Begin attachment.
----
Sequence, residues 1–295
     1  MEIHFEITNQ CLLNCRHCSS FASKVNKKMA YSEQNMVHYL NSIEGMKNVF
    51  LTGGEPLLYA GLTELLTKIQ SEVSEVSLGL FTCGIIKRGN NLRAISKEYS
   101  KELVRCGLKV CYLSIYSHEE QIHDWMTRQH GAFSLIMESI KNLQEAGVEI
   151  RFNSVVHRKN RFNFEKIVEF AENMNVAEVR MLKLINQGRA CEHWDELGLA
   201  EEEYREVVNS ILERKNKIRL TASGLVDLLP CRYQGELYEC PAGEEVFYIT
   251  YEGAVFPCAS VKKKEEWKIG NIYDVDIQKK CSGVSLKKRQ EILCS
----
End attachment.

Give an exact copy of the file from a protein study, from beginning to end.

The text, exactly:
Sequence, residues 1–295
     1  MEIHFEITNQ CLLNCRHCSS FASKVNKKMA YSEQNMVHYL NSIEGMKNVF
    51  LTGGEPLLYA GLTELLTKIQ SEVSEVSLGL FTCGIIKRGN NLRAISKEYS
   101  KELVRCGLKV CYLSIYSHEE QIHDWMTRQH GAFSLIMESI KNLQEAGVEI
   151  RFNSVVHRKN RFNFEKIVEF AENMNVAEVR MLKLINQGRA CEHWDELGLA
   201  EEEYREVVNS ILERKNKIRL TASGLVDLLP CRYQGELYEC PAGEEVFYIT
   251  YEGAVFPCAS VKKKEEWKIG NIYDVDIQKK CSGVSLKKRQ EILCS